Significant legislative changes are coming into force in England and Wales from the 1st of October 2023 due to Section 156 of the Building Safety Act 2022.
These changes are not just amendments; they’re transformations that will reshape the legal landscape. Failure to comply with these new laws could lead to severe consequences fundamentally different from what we’ve known before. It’s crucial to stay informed and prepared to navigate these changes successfully.
Why is this happening? Following the Hackett report from the aftermath of Grenfell, it was determined that a ‘golden thread’ of management control should be implemented into the fire safety of buildings in the UK. This means that complete control of fire safety matters should be in place from the initial design concept right through to the demolition of the building. These latest changes in the law aim to make it easier for the local authorities to obtain information demonstrating this control is in place and, thus, compliance.
What is Changing?
Before October of this year, an offence of not providing the appropriate information from a request by the enforcement authority through means of Article 27 of the Regulatory Reform (Fire Safety) Order 2005 would be subject to a fine by the courts not exceeding level 3 under Article 32 of the Order (in simple terms, level 3 would be around the £1000 mark).
This is now changing from around £1000 to unlimited. Yes, indeed, as of the 1st of October 2023, it is now possible to be fined based on the turnover and profit of an organisation for committing an offence under Article 27 of the Regulatory Reform (Fire Safety) Order 2005 rather than a fixed penalty.
The recent amendment, marked by the introduction of Article 22A(5), underscores the necessity to “keep records of relevant fire safety information”. This implies that even elements such as fire logs and weekly, monthly, and semi-annual checks, which may not have been documented earlier, must now be recorded. This change is significant as it brings about a higher level of accountability and ensures a systematic approach to fire safety measures. Why is this such a notable change?
The introduction of Article 22A(4) requires Responsible Persons to provide fire safety information under that article upon the enforcement authority’s request. Given that it is now a legal requirement under Article 22A(5) to keep records of fire safety information, what was usually part of an on-site audit by the enforcement authority can now be requested in writing at any time (even prior to attending the site) as this should already be in the Responsible Person’s possession.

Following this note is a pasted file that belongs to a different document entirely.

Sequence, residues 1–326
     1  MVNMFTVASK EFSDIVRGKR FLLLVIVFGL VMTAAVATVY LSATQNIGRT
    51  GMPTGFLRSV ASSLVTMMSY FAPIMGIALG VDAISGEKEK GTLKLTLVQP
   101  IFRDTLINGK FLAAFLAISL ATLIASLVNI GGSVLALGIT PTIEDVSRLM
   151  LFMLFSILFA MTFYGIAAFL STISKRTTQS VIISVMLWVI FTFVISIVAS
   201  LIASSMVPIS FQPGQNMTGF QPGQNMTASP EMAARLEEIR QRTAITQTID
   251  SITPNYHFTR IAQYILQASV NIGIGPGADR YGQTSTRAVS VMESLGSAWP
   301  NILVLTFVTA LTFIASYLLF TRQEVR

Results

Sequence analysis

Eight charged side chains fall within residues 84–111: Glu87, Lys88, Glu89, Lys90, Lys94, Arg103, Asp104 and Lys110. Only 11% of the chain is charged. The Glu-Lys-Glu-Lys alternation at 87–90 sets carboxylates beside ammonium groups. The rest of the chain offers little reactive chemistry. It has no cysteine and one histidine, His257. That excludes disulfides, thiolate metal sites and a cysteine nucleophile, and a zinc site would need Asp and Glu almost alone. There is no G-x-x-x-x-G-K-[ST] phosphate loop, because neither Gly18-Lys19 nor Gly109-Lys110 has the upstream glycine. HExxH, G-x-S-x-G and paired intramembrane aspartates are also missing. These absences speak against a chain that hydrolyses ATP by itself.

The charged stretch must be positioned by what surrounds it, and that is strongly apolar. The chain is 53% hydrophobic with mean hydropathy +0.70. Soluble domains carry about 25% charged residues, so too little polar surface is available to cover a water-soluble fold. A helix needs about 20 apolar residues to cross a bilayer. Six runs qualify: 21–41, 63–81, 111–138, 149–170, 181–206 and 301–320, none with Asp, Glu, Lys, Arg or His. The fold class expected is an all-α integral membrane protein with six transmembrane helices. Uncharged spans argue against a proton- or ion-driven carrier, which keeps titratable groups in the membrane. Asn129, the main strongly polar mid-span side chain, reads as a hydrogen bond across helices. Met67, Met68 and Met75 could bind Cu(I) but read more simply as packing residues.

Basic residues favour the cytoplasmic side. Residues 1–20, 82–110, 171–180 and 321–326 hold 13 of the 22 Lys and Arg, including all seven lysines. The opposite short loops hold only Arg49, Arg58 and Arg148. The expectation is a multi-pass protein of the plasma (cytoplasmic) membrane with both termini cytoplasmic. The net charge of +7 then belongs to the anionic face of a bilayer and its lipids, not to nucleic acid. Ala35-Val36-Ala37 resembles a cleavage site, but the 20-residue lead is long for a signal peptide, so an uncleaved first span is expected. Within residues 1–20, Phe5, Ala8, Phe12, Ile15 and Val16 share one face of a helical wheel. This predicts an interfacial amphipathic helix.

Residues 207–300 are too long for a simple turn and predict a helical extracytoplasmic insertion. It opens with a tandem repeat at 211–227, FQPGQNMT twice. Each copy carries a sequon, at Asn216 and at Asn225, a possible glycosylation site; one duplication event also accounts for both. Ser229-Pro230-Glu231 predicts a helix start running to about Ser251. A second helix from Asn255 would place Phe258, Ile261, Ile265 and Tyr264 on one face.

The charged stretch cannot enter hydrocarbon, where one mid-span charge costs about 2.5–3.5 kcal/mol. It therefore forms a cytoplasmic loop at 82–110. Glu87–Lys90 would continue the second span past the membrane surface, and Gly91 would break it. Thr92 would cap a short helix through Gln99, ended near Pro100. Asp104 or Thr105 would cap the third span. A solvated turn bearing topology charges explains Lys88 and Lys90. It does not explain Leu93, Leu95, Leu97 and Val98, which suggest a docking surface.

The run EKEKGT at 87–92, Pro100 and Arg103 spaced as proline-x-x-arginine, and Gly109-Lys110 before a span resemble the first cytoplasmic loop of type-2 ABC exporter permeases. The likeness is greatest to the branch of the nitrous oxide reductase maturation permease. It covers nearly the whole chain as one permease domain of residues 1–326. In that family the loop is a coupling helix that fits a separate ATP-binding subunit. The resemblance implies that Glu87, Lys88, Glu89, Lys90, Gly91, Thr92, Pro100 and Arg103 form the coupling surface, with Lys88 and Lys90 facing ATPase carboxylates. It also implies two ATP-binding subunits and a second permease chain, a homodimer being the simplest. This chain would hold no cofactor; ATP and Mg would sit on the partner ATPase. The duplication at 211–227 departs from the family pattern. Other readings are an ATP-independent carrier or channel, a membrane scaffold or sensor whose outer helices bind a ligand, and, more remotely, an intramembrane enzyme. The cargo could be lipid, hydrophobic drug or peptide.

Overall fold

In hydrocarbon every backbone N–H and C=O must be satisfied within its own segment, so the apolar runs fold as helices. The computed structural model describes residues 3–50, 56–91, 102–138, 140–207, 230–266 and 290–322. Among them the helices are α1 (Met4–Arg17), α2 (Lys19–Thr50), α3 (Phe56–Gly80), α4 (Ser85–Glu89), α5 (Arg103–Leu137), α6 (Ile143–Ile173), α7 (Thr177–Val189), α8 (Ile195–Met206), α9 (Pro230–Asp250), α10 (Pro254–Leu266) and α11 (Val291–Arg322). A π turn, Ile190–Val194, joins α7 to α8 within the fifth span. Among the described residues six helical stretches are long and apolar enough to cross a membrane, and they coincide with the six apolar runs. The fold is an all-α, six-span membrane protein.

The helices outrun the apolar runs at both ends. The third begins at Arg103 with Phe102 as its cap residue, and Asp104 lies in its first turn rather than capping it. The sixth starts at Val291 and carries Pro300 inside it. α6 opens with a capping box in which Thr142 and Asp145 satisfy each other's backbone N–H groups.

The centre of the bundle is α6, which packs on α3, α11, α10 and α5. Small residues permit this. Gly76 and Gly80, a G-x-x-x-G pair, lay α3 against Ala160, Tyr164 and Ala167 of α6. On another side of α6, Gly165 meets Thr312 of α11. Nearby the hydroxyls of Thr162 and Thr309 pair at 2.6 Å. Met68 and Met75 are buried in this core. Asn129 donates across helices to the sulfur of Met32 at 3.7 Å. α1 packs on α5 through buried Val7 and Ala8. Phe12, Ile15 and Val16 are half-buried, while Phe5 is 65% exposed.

Failure to comply with such a request in a reasonable time would result in an offence to comply under Article 27.1(c) of the Regulatory Reform (Fire Safety Order) 2005, which, as we have already covered, is now subject to unlimited fines. This significant change in the law has the real potential to catch out a lot of businesses and prove a very costly endeavour.
Let’s provide an example of what is meant by ‘providing appropriate information’ and what role the fines will play with a Responsible Person on the wrong side. Let’s say that you receive a request under Article 27.1 to provide information on the Responsible Persons of your building for fire safety. You decide to submit a fire safety policy (now required to be recorded for all businesses) or (for domestic properties/management companies) something like a tenancy/lease agreement. You submit this document to the enforcement authority, but it does not detail a clear understanding of the roles of the organisation in terms of who is responsible and what their responsibilities entail. You would have failed to provide the requested ‘appropriate’ information, leading to the offence potentially being enacted, along with the unlimited fine.
In examples like this, especially where there is more than one Responsible person (like an employer and a landlord), it must be noted that if it is unclear who has what responsibilities in the evidence provided, the enforcement authority will simply charge all parties with the offence. It is, therefore, in your own interest to ensure that this is clear in your organisation’s documents.
It is essential that all businesses and organisations fully understand the potential impact of these changes to ensure that they are covered. Remember, in simple terms, it must be recorded and can be requested at any time by the enforcement authority.
Below is a summary of the other significant changes being brought in as a result of S156 of the Building Safety Act 2022. Keep an eye out for the word “recorded”, as this information would be also subject to the above requirements: